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Keywords: files, input, output, missing values
This topic describes some aspects of the use of files.  Much of it is
fairly technical and not of great interest to the casual user.  It has
sections on default directories or folders and a little information on
file format.  See topics 'file_names', 'data_files', matread_file',
'vecread_file' and 'macro_files' for information on file names and
descriptions of formats for data files and macro files.  See topic
'file_names' for information on specifying file names.

                      Default Directories or Folders
Generally MacAnova first looks for the named file in the current default
directory or folder, unless the supplied file name is a "path" name,
specifying a directory or folder and a file.  If it does not find it
there it then looks in the directories or folders in CHARACTER vector

On Windows, DOS and Unix/Linux, the initial default directory is the
default directory at the time MacAnova is started up (on DOS, this might
be different if MacAnova is started by a *.BAT file that includes a CD

On a Macintosh, if you start MacAnova by clicking on a save workspace
file (see save()) or a file containing a saved output/command window
(see topic 'macintosh'), the default directory is the folder containing
the file you clicked on.  Otherwise, the initial default directory is
the folder where the executable application is located.

                     Changing the default directory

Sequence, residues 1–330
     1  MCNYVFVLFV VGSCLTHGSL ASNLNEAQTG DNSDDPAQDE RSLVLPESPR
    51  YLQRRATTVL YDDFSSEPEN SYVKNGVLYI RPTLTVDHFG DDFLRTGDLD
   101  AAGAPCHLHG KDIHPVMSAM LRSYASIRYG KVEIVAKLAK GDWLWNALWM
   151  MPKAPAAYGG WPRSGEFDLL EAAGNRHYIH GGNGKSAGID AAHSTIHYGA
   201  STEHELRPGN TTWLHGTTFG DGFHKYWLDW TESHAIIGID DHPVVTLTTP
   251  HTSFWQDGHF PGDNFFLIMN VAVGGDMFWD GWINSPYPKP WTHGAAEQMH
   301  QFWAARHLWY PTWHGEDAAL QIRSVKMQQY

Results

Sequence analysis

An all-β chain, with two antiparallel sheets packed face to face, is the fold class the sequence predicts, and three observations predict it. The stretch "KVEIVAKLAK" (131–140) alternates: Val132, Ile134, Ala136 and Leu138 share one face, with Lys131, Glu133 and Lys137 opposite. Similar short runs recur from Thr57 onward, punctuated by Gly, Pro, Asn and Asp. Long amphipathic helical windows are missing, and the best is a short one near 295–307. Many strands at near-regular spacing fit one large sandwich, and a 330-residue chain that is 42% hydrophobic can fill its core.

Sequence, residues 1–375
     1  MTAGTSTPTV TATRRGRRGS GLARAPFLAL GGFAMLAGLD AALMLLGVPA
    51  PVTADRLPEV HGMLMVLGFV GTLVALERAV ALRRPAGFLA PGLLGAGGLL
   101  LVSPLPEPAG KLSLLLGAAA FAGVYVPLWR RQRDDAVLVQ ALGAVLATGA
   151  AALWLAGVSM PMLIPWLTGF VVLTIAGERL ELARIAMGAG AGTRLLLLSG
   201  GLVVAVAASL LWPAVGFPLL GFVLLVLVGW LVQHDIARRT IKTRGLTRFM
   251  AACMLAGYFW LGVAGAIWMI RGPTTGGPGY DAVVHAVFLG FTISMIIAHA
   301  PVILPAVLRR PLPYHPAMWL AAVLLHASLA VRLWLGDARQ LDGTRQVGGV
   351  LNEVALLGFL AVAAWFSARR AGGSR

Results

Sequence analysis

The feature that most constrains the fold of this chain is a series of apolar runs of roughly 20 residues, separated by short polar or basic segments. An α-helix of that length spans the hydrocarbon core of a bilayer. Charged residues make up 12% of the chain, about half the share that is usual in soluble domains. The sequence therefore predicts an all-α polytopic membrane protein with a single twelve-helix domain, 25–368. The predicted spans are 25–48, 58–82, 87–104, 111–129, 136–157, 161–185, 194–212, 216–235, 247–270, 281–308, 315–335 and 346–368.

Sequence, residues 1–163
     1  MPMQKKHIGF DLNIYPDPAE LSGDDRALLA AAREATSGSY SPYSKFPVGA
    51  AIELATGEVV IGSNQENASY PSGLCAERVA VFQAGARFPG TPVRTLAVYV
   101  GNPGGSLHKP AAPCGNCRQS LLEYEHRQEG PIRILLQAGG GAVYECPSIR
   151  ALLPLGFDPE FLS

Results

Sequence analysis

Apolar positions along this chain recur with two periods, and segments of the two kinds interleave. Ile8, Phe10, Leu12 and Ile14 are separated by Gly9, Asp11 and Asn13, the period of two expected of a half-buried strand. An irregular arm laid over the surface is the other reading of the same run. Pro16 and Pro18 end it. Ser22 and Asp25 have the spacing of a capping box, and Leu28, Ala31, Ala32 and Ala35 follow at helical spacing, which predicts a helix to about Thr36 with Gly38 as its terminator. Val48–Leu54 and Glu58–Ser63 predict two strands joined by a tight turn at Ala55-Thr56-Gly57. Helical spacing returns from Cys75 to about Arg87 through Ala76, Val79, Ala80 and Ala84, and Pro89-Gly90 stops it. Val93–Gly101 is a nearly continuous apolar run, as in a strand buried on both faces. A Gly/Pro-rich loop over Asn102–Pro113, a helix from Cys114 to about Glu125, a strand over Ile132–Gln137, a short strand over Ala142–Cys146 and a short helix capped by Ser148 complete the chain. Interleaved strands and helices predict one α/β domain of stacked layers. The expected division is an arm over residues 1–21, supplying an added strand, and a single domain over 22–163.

On Unix/Linux, once you have started up MacAnova, you cannot change the
default directory.

In the limited memory DOS version (BCPP), you change the default
directory by, for example,
  Cmd> shell("cd e:\\classes\\stat1001",interact:T)
  Cmd> !cd e:\classes\stat1001
This does not currently work in the extended memory version (DJPP) or
Windows version.  See shell().  In both forms, '\' is required; '/'
won't do.

In the Windowed versions (Macintosh, Windows, Motif), the default
directory is changed whenever you use the file navigation dialog box to
select a file in a different folder or directory.  Thus the first time
you read a file from a given folder, you should use "" as file name.  If
you want, you can then read other files in the same folder by specifying
their names.

                              File formats
On all systems, data, macro and batch files must be plain text (ASCII)
files.  If you create them using a word processor, be sure to specify
text format when you save them.  On any computer, MacAnova can correctly
read text files with Windows/DOS, Macintosh or Unix/Linux line
separating codes.  See topic 'data_files'.

See topics 'vecread_file' and 'matread_file' for information on how data
should be organized in files to be read by vecread() and matread(),

See topic 'macro_files' for information on the format of files to be
read by macroread().

See batch() for information on the format of batch files.

Files written by asciisave() are ASCII files but are not meant to be
read or edited by humans and their format is arcane and subject to
change.  The asciisave() format is the same across computer types, so
that, for example, a DOS machine can read a Macintosh asciisave() file
and vice versa.  asciisave() files can also be emailed as is, without

Files written by save() are binary files with formats that may differ
among computer types.

The default help file, usually "macanova.hlp" in the same directory as
MacAnova, is a text file in a special format.  The format is described
near the start of the file.  If you develop a file of macros, you could
use this information to write a special help file.  Or a macro file can
be its own help file if you put the properly formatted help after a line
starting _E_N_D_O_F_M_A_C_R_O_S_.  See topic 'macro_files'.

You can change the file used by help() by means of keywords 'file',
'orig' and 'alt'.

You can use macro gethelp() to search all the files whose names are in
pre-defined CHARACTER vector HELPFILES and macro addhelpfile() to add a
file name to HELPFILES.

See help(), gethelp(), arimahelp(), designhelp(), graphicshelp(),
mathhelp(), mulvarhelp(), regresshelp(), tserhelp() and addhelpfile().

Gary Oehlert 2003-01-15